Last time we established the concept of an inductive structure. Before we get to what unique readability, we’ll have to talk a little more about inductive structures.

We will use $\text{dom } f$ to refer to the domain of $f$ in these notes.

Also, from now on, when we say “the closure of $(X, F)$”, we mean the minimal set $Y\supset X$ such that $Y$ is closed under $F$.

## Arity

Before, we were dealing with functions $f$ that possibly had tuples of different sizes in its domain. For instance, maybe $f$ can take $2$ arguments sometimes, and $3$ arguments at other times. For the purposes of an inductive structure, we can decompose such a function into $f_2$ and $f_3$, the subsets of the functions that take $2$ and $3$ functions respectively. This would not alter the closure whatsoever, so for the remainder of these notes we will make that simplification.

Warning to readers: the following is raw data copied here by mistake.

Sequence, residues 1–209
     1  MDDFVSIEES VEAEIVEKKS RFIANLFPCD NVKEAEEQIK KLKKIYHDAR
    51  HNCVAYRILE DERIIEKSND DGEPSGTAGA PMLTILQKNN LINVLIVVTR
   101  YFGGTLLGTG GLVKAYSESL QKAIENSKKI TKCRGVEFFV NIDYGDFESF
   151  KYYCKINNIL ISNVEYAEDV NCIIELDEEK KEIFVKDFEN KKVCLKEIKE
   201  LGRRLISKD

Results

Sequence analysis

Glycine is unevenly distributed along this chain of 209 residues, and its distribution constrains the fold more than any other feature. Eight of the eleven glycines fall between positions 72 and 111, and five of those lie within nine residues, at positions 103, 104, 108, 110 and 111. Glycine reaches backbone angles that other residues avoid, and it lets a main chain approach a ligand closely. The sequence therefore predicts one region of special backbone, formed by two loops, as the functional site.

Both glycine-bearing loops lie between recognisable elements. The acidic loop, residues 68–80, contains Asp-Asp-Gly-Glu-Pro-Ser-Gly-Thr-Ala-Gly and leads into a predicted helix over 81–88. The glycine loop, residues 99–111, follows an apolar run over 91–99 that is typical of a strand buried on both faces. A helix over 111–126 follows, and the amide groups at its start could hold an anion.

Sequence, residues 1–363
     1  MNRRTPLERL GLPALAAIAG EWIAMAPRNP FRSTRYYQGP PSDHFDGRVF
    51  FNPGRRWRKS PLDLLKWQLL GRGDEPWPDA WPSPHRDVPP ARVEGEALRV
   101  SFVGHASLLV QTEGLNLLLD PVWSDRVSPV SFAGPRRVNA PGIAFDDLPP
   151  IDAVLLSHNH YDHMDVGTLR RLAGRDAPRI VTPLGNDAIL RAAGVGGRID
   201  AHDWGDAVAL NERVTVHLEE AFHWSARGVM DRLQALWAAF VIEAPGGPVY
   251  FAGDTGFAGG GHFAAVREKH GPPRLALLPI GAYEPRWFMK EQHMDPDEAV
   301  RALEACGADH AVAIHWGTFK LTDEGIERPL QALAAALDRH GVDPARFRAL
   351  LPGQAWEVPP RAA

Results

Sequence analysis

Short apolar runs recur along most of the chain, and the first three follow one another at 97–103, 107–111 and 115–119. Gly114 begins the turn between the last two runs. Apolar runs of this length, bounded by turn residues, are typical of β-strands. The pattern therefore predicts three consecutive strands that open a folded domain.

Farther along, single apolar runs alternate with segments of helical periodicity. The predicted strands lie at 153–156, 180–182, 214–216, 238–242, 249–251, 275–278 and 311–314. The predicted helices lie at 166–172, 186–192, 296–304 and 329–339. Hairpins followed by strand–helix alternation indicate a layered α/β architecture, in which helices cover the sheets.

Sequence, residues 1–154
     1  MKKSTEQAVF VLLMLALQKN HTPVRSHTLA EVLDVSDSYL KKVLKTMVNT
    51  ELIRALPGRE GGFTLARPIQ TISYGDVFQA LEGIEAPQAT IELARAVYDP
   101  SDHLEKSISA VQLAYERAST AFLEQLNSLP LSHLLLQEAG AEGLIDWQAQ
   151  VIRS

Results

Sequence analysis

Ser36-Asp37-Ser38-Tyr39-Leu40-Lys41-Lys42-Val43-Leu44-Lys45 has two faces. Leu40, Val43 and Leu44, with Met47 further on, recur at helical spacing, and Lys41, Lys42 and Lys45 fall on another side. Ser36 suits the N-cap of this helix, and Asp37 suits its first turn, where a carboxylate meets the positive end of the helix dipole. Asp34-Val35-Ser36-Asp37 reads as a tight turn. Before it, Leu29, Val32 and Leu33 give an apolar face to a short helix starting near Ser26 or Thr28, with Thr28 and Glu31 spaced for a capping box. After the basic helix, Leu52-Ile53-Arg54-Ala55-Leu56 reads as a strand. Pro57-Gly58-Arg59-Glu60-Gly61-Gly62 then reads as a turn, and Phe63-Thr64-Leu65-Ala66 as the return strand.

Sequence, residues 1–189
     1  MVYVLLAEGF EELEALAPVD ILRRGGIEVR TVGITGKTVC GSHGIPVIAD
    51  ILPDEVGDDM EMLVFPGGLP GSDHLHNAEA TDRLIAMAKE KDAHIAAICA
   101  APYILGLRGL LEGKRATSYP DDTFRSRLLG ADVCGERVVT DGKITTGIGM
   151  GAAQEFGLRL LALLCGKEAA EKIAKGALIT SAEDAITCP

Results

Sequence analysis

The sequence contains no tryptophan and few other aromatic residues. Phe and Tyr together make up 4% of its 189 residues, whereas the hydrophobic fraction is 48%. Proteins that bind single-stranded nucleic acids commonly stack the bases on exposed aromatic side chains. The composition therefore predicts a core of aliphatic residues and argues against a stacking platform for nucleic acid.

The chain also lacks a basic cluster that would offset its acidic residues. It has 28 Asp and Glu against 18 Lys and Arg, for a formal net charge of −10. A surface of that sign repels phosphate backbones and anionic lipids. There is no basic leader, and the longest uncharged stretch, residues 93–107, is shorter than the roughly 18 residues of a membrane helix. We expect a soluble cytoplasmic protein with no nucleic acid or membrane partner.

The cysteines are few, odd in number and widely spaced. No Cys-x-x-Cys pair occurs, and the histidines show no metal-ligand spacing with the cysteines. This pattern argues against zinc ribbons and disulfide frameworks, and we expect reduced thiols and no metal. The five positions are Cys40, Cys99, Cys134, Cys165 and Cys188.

If a function $f$ takes $n$ inputs, then we say it is $n$-ary. Alternatively, we say that $n$ is its arity. Both terms are synonymous.

## Induction

Theorem. Let $P$ be some property and $(X, F)$ be an inductive structure. If $P$ is a property such that

• all $a \in X$ satisfy $P$
• for all $f \in F$ and all tuples $(a_0, \ldots, a_{n-1}) \in \text{dom}(f)$, if all $a_i$ satisfy $P$ then $f(a_0, \ldots, a_{n-1})$ does too.

then all elements in the closure of $(X, F)$ satisfy $P$ as well.

This is what a proof by induction looks like. First we prove the base case: all $a \in X$ satisfy $P$. Then we prove the inductive step: applying a function $f$ to a tuple of stuff that satisfies $P$ spits out something that also satisfies $P$.

Consider the inductive structure $(\{0\}, \{+1\})$ that generates the natural numbers. Whenever we do a standard proof by induction, this is the closure we are implicitly using. But hopefully you see just how powerful this theorem is.

Outline of proof. Recall how we constructed sets $X_n$ to show that $(X, F)$ has a closure. Now we can inductively prove that every $a \in X_n$ satisfies $P$.